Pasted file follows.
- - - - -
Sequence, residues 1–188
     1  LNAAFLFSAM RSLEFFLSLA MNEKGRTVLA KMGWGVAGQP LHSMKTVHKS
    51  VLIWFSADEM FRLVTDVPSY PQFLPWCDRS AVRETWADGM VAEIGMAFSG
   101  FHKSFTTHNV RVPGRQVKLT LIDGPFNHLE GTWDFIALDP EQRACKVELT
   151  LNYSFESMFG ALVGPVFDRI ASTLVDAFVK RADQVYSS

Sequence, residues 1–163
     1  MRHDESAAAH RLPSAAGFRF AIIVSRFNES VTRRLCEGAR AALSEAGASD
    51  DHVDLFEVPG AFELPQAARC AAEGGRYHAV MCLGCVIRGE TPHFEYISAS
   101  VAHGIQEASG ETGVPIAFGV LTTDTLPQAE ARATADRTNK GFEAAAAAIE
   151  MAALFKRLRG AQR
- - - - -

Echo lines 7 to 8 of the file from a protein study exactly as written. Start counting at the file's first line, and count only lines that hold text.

     1  MRHDESAAAH RLPSAAGFRF AIIVSRFNES VTRRLCEGAR AALSEAGASD
    51  DHVDLFEVPG AFELPQAARC AAEGGRYHAV MCLGCVIRGE TPHFEYISAS